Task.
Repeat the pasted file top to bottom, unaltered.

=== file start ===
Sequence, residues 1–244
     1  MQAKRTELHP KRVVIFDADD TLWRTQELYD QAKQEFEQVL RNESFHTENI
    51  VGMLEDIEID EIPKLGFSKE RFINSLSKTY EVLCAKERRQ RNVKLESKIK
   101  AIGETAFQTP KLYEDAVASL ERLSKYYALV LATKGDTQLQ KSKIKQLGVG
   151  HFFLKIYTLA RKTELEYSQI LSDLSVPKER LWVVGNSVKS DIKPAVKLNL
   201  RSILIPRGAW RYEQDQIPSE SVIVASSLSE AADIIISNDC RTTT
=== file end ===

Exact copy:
Sequence, residues 1–244
     1  MQAKRTELHP KRVVIFDADD TLWRTQELYD QAKQEFEQVL RNESFHTENI
    51  VGMLEDIEID EIPKLGFSKE RFINSLSKTY EVLCAKERRQ RNVKLESKIK
   101  AIGETAFQTP KLYEDAVASL ERLSKYYALV LATKGDTQLQ KSKIKQLGVG
   151  HFFLKIYTLA RKTELEYSQI LSDLSVPKER LWVVGNSVKS DIKPAVKLNL
   201  RSILIPRGAW RYEQDQIPSE SVIVASSLSE AADIIISNDC RTTT